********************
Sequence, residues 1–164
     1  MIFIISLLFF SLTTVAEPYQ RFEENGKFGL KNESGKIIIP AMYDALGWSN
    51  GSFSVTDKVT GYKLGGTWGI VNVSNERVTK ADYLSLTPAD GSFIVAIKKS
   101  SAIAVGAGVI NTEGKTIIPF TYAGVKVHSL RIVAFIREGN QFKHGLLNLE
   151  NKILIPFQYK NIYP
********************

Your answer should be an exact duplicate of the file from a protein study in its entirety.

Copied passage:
Sequence, residues 1–164
     1  MIFIISLLFF SLTTVAEPYQ RFEENGKFGL KNESGKIIIP AMYDALGWSN
    51  GSFSVTDKVT GYKLGGTWGI VNVSNERVTK ADYLSLTPAD GSFIVAIKKS
   101  SAIAVGAGVI NTEGKTIIPF TYAGVKVHSL RIVAFIREGN QFKHGLLNLE
   151  NKILIPFQYK NIYP